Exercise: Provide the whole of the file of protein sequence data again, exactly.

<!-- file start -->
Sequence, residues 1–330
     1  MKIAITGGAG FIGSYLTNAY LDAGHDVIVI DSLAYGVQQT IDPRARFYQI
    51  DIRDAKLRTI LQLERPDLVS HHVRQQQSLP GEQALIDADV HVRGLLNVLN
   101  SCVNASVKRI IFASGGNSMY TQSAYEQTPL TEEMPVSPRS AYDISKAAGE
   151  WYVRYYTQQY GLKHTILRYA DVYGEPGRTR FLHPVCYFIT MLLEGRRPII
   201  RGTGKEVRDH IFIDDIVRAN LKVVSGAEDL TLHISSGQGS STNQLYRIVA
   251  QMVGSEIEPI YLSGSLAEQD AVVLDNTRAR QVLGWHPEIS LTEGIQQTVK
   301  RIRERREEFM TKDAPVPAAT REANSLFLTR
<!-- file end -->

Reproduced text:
Sequence, residues 1–330
     1  MKIAITGGAG FIGSYLTNAY LDAGHDVIVI DSLAYGVQQT IDPRARFYQI
    51  DIRDAKLRTI LQLERPDLVS HHVRQQQSLP GEQALIDADV HVRGLLNVLN
   101  SCVNASVKRI IFASGGNSMY TQSAYEQTPL TEEMPVSPRS AYDISKAAGE
   151  WYVRYYTQQY GLKHTILRYA DVYGEPGRTR FLHPVCYFIT MLLEGRRPII
   201  RGTGKEVRDH IFIDDIVRAN LKVVSGAEDL TLHISSGQGS STNQLYRIVA
   251  QMVGSEIEPI YLSGSLAEQD AVVLDNTRAR QVLGWHPEIS LTEGIQQTVK
   301  RIRERREEFM TKDAPVPAAT REANSLFLTR